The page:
My So-Called Environmentalist Life

By Brie Welzer, Marketing & Communications Associate

Best HeadshotI began my work at Green Seal only ten short months ago (Sept. 2012), happily combining my previous positions in environmental consulting and science communications.

In my career and personal life since I can remember, I’ve considered myself an environmentalist:  an enthusiastic girl scout in grade school, a science major in college, a forever fan of recycling, etc.

I’m certainly living my career dreams right now in Washington, DC, but feeling sheepish about not quite living up to my environmentalist ethics.

For instance, I’m increasingly aware of my typically American tendencies – I brush my teeth a bit too aggressively and fully commit to the coffee/whitening toothpaste/coffee daily cycle. Within my product experience, I want to see, feel, and enjoy the effectiveness, rather than have a vague sense that the product is working and less harmful to the environment.

Also, I would like to SMELL the effectiveness: the breeze of fresh laundry, pine of shining floors, and the now cottony scent from previously pungent running sneakers.

As Cassie Murdock of Slate has written (though sarcastically) about the subject: “Why endure the drudgery of scrubbing the splattered tomato sauce off the wall when you can instead pretend you are frolicking in the lemon groves of Amalfi?” (This required a google search: Amalfi, I’ve just learned, is a coastal town in Italy…).

Of course, I’m working to reduce my footprint and live a healthier life…but must I sacrifice my Italian lemon grove daydream? Granted, I am not wholly endorsing daily blasts of unnecessary air freshener, but I do truly bask in some product scents.

Beyond my daily enjoyment, I’m interested in scent trends in the product market. For example, a 2012 Wall Street Journal article describes where the creativity begins: “Cleaning-product perfumers monitor food exhibitions, farmers’ markets, architecture, runway fashion shows and even bars for new ideas.” (link)  The issue of fragrances, the psychology behind product design, and the response from the green product industry are all issues I hope to explore in future blog posts.

So, please join me as I learn more about product design, consumer behavior, and attempt happy, balanced, sustainable living. Also – I call out to all readers: Do YOU feel like the inconvenienced or unfaithful environmentalist? Do you have examples of your daily life where you wish it was easier, faster, more fun to be greener? Let us know!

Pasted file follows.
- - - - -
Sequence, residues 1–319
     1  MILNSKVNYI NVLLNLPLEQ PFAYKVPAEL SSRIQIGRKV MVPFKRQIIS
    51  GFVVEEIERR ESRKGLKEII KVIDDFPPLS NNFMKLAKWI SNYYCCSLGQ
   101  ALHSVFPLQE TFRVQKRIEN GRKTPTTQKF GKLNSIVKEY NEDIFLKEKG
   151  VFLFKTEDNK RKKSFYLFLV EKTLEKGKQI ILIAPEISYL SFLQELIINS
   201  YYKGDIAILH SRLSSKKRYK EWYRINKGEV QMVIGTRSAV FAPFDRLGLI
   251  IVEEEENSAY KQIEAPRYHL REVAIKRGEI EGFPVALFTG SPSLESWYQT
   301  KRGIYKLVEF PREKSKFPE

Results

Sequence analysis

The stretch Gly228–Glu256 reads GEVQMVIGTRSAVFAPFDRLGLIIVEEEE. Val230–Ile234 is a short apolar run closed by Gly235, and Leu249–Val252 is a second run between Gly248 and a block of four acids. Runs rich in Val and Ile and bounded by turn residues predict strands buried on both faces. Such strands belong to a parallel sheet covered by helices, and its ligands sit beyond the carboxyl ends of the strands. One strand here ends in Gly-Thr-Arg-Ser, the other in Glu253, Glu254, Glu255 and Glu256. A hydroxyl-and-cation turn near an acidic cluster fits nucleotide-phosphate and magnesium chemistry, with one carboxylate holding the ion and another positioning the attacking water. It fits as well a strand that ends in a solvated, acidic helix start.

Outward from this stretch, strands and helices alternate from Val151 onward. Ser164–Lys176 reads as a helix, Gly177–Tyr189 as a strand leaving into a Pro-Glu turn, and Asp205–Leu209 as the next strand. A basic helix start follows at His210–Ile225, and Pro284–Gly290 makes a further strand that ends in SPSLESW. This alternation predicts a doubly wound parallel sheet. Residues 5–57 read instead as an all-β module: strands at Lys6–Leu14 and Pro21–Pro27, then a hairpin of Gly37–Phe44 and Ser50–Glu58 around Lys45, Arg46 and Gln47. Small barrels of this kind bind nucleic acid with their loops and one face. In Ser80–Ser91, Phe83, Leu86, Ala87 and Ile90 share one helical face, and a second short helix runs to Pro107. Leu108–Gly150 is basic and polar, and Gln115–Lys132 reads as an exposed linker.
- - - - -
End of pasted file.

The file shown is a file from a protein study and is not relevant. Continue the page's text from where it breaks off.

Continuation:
2 thoughts on “My So-Called Environmentalist Life

  1. Life in suburbia presents many challenges to the environmentalist. Cars are a necessity (due to lack of public transportation or even sidewalks or bike lanes in areas), so I drive a Prius. Not a fancy one either — your basic, as bare-bones as possible Prius. And I can bike to work occasionally. Having half an acre of lawn and garden means I also need a gasoline-powered lawn mower and a few power lawn tools. But I do organically grow many of my own vegetables, compost zealously, and do not use any chemicals at all on my “lawn” (which is far from a mono-culture, given the wide assortment of weeds, clover, onion grass, dandelions, moss, etc. that thrive there — but hey, it’s mostly all green. Good enough.) I’m blessed with a farm literally around the corner where I can get vegetables and fruits I don’t grow and there are wonderful farmers’ markets nearby. Would I trade the negatives of suburbia for a more ecologically sustainable life in a city? No…that’s not for me. So, yes, there are certainly trade-offs and compromises I make in my efforts to be more sustainable. But as noted in this blog post, “balanced” and “happy” are key words, and I am happier with the much greater trees-to-people ratio.

  2. In my country sometimes becomes a lifestyle to sacrifice some things for example in my case as primary teacher public school, each classroom has about 40 children and making learning material for each child of paper is impossible because the economy of the school and especially the teacher as one who should use their money to do it, so use caps soda containers to teach reading and numeracy, often not attractive to children, but as I say in Guatemala, specifically in Chinautla is a style of life to which we must adapt. adding to the situation, companies have come to “promote environmental care” requesting pictures of a subject X are 700 children and only takes five jobs will be “winners” never happened .. as can promote environmental stewardship and sacrificing 700 sheets 700 Ilusions worst they won something in return, will these companies charge to cover something?

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